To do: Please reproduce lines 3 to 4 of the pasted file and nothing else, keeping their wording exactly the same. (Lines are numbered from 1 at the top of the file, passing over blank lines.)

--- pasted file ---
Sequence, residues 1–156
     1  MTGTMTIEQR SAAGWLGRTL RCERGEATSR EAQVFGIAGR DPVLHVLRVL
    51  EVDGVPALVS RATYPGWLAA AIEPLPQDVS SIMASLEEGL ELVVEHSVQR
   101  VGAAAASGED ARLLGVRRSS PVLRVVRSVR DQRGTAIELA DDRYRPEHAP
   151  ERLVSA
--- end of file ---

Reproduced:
    51  EVDGVPALVS RATYPGWLAA AIEPLPQDVS SIMASLEEGL ELVVEHSVQR
   101  VGAAAASGED ARLLGVRRSS PVLRVVRSVR DQRGTAIELA DDRYRPEHAP